A young swimmer's near-death experience leads her to believe in heaven despite her father’s teaching it doesn’t exist.
I couldn’t wait to get into the ocean. My sister, Peggy, and I ran ahead of our parents, dashing up the Clark Street ramp to the boardwalk. We threaded through the crowd, bumping into the adults, craning our necks to see the beach through their legs and knees.
“Slow down, Marie,” Daddy shouted. He set up the big beach umbrella while my mother, aunt and grandmother spread out on the baking sand. I stripped off my shorts and sandals and followed Peggy into the water. It rushed up over my bare feet. “Catch me!” Peggy shouted, splashing me. I ran after her, giggling, until a big wave picked us both off our feet and sent us tumbling—soaked—back to shore. “Be careful!” my father shouted from his blanket. “Those waves are mighty big today.” Daddy was the disciplinarian of the family, but even he couldn’t slow us down. Peggy and I were having much too much fun to listen.
"Thank You all. Every book, magazine, and letter means a lot to us when we are away from home. It gives us hope, confidence, happiness, strength and pride that someone is there for us." - Former Navy Sailor, Part of Operation Gratitude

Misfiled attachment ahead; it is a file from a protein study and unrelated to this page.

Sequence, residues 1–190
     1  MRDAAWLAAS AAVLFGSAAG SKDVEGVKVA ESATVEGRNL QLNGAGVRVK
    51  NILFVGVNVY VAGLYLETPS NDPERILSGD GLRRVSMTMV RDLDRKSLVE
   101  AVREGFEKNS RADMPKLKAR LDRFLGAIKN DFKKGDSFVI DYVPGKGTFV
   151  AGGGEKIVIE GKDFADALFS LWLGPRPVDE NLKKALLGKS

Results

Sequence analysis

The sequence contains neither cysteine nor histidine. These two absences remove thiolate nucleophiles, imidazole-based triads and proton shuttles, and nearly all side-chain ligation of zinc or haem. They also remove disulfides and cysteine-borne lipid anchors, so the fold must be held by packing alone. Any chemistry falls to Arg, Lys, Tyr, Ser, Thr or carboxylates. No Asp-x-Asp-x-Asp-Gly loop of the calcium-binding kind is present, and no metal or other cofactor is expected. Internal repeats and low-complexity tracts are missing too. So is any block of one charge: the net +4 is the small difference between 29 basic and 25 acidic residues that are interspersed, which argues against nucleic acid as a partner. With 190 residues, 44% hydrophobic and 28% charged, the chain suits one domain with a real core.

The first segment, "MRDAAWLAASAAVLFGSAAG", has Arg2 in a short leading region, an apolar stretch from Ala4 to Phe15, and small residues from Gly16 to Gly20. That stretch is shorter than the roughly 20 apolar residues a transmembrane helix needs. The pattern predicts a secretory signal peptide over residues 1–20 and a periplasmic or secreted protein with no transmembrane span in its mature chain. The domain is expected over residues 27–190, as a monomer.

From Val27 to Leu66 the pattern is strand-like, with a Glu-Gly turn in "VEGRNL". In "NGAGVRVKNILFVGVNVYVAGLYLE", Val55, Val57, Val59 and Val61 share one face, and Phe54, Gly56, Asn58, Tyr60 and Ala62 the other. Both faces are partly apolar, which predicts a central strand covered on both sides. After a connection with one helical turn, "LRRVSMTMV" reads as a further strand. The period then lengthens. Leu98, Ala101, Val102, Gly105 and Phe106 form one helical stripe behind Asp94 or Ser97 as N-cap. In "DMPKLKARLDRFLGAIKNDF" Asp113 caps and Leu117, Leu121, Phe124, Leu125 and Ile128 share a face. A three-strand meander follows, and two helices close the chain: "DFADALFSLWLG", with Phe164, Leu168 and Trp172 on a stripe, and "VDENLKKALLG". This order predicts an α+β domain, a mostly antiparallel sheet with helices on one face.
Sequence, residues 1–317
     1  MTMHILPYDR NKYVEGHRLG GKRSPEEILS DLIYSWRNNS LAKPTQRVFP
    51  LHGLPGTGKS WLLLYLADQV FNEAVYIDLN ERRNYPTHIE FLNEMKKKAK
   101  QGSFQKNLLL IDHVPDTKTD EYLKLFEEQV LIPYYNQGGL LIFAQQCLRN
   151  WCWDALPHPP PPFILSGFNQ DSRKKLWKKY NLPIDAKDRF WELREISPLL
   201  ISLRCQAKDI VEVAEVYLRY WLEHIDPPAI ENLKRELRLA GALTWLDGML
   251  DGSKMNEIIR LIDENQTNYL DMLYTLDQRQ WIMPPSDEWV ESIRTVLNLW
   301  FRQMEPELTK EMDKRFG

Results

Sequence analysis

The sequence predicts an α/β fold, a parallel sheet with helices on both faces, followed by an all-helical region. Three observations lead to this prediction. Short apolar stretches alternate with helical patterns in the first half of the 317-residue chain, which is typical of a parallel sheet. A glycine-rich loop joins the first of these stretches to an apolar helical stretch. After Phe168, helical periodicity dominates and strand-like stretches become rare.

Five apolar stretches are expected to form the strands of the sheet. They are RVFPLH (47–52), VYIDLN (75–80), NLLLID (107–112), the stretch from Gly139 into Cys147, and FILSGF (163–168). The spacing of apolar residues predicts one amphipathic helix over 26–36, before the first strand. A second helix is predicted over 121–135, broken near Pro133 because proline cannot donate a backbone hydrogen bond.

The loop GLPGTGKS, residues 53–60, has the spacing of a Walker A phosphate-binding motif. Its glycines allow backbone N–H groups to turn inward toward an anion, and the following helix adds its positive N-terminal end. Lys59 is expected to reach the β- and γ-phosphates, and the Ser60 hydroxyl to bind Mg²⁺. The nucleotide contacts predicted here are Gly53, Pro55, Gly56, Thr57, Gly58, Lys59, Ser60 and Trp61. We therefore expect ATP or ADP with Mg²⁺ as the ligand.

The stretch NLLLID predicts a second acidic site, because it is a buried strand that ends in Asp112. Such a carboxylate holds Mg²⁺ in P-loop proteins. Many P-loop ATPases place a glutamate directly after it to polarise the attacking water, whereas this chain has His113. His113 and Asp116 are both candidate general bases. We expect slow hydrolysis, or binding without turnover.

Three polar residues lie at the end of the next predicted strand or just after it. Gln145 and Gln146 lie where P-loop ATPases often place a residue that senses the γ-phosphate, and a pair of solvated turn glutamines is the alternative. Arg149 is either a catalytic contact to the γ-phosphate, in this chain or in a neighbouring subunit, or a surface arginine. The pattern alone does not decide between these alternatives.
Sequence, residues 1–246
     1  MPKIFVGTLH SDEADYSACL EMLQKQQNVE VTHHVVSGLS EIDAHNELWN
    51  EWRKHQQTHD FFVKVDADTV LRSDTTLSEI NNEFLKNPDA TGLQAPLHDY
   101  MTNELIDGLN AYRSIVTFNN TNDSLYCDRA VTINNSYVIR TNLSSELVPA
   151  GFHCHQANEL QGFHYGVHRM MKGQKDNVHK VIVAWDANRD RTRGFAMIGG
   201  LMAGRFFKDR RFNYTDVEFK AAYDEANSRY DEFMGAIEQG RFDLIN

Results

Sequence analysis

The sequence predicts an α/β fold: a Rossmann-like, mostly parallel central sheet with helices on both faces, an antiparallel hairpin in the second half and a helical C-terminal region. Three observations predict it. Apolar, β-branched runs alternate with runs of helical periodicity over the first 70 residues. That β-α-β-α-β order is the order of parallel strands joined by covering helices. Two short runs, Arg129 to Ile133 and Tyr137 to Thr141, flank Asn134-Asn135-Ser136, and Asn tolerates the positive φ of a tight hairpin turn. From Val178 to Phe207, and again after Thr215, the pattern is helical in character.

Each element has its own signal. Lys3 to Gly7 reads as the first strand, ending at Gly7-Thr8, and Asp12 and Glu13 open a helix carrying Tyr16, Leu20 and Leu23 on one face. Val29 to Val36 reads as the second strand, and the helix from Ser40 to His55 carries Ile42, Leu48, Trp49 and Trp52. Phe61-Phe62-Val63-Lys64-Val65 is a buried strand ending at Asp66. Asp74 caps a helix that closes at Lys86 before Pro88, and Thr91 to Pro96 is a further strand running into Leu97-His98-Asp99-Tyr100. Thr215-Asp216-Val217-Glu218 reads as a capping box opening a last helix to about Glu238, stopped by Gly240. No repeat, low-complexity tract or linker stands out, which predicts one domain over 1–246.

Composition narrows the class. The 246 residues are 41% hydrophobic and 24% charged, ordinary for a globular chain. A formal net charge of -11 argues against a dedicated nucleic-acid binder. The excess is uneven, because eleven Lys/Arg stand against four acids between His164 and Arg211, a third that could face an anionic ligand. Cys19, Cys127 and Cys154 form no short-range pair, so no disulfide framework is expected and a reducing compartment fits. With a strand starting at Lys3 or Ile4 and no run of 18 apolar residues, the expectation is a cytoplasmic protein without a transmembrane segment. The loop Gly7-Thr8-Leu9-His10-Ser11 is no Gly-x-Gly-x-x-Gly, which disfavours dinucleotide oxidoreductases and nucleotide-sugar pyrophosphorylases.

My family always spent August at the beach in Wildwood, N.J., where my aunt Ethel owned a boarding house. After dinner, we’d go for a walk on the boardwalk. I’d hold my mother’s hand, staring up at the bright neon lights over the movie theaters and the arcades. It was like peeking into a different world. Then there was the ocean. I could smell the saltwater everywhere I went and hear the faint pounding of the surf, almost drowned out by the music from the merry-go-round and the roar of the wooden roller coaster. All year long I looked forward to August. The beach was my favorite place on earth.
Peggy and I played in the waves until our fingers were wrinkled from the saltwater. “I’m getting out,” Peggy declared. “I’m hungry.”
“Five more minutes,” I begged her. I knew Daddy wouldn’t let me stay in the water alone. But Peggy was already running up the beach. I hesitated, wondering whether I should follow her. I don’t know what happened next. I never saw the wave that hit me—never even heard it. One moment I was standing in water up to my waist, the next I was under the water. My feet couldn’t find the ground.